10 Jul 2020
Posted in Construction
South and Southeast Asia’s construction industry set to contract by 4.3% in 2020, says GlobalData
The construction industry in the South and Southeast Asia had slowed in 2019, led by a deceleration in real estate markets across many of the countries including India, which accounts for more than 50% of the region’s construction output. Prior to the onset of COVID-19 outbreak, the region was expected to regain some of its growth momentum in 2020 to post an expansion of 6%. However, in view of the growing disruption in the region, the industry is now expected to contract by 4.3%, according to GlobalData, a leading data and analytics company.
Apart from India, there were signs of weakness in some other markets in the region, in Malaysia, Vietnam and Thailand, particularly in the real estate segment. Unsold inventories coupled with rising unemployment and liquidity crisis have adversely affected the residential segment in these countries.
The residential sector will continue to struggle as economic activity weakens, remittance declines and unemployment rises. There is a high risk that a considerable proportion of the early stage projects in these sectors will be cancelled or at least pushed back, with few new projects starting in the second half of 2020 as firms review their expansion plans.
Dhananjay Sharma, Construction Analyst at GlobalData, comments: “The lockdown has already affected the industry in the region. There have been varying degree of lockdowns, with the most severe in India, Singapore and Malaysia – during which more than 95% of the projects in the construction industry came to a complete halt with work being allowed only on essential segment projects.”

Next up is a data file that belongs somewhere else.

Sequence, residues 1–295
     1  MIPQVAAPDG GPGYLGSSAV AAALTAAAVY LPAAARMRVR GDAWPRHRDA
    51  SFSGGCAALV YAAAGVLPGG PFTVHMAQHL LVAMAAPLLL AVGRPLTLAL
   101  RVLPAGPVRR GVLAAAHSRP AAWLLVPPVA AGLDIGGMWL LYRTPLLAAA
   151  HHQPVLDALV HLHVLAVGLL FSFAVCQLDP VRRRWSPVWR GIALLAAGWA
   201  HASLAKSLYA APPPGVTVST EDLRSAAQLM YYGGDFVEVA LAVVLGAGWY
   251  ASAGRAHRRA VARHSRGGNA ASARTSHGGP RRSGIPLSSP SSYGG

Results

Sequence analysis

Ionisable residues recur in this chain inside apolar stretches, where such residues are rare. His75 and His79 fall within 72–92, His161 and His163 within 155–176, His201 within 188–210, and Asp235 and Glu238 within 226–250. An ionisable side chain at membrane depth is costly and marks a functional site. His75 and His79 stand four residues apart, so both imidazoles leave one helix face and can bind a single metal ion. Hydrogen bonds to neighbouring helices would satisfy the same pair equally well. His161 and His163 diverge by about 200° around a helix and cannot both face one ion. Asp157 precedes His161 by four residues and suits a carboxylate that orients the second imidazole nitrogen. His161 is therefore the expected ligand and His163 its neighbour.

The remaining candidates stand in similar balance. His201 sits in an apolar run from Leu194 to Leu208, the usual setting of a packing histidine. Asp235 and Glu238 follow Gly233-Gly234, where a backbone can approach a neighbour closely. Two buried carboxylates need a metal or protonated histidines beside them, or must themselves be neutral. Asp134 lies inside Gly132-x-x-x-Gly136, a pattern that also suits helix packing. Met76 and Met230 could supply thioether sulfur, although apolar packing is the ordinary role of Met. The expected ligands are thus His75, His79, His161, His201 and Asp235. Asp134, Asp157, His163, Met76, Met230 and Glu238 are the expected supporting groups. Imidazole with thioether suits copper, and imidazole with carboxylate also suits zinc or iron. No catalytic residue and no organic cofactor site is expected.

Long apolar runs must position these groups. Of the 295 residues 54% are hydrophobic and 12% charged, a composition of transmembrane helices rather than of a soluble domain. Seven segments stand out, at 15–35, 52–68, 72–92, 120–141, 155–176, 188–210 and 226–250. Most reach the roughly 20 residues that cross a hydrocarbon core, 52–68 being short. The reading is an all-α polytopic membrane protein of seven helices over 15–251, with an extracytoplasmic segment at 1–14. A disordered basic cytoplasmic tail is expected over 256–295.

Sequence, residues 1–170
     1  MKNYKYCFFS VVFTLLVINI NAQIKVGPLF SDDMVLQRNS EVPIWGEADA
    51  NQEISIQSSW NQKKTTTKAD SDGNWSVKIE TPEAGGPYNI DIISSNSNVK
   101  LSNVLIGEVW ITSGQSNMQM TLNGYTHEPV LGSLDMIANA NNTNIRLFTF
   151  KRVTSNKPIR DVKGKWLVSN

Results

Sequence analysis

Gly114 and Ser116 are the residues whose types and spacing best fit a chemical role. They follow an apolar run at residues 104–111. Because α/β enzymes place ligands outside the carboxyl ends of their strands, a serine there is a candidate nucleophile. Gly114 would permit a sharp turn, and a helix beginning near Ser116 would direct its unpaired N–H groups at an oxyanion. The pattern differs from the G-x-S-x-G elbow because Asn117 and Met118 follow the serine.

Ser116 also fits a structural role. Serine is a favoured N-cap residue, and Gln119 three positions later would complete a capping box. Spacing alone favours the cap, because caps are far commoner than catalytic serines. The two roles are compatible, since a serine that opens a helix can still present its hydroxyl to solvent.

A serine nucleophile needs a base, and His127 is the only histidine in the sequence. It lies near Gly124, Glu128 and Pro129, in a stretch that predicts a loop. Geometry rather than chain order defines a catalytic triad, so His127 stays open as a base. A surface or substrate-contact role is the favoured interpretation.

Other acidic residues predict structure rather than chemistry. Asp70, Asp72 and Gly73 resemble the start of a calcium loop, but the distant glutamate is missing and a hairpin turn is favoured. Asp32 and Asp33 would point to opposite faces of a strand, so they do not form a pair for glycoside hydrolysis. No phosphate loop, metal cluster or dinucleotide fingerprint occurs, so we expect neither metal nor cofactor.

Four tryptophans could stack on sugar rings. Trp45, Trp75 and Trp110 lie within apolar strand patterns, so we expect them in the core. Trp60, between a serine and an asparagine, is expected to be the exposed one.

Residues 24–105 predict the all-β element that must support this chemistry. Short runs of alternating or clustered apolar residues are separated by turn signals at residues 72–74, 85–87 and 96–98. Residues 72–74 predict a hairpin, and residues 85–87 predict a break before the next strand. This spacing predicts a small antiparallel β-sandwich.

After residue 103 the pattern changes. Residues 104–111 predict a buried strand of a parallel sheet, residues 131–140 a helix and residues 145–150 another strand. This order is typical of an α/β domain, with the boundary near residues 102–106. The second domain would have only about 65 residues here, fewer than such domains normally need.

As a result, the first quarter data for several of the countries in the region has shown signs of the disruption, with Thailand witnessing the highest contraction of 9.9%, followed by Malaysia with a contraction of 7.7%, Singapore by 4%, the Philippines by 3.4%, and India by 2.2%.
There has been positive growth in Indonesia and Vietnam, with the quarterly value data growing by 2.9% in Indonesia and by 4.4% in Vietnam; however, even in these countries the growth rate has decelerated to a decade low. Moreover, with the continuing surge in COVID-19 cases across the region, and the lockdown mostly implemented during the second quarter, the decline in the construction industry would be much more severe in the second quarter.
The infrastructure segment is likely to benefit from the government efforts, although in the short-term, owing to deteriorating fiscal conditions. Lower revenues due to economic slowdown and higher fiscal expenditure to sustain the weaker segments of the population would increase the debt to GDP ratio, thereby limiting government efforts for massive infrastructure investments.
Mr Sharma concludes: “However, the underlying potential in the region means that there would be a sharp recovery in 2021, followed by robust expansion in the following few years. This would be driven by the buoyant economic state and the rising middle class population, driving consumption growth and leading to investments in housing and infrastructure. Although China is expected to rationalize its investments in the Belt and Road Initiative (BRI), investment from China will continue to boost infrastructure developments in the region.”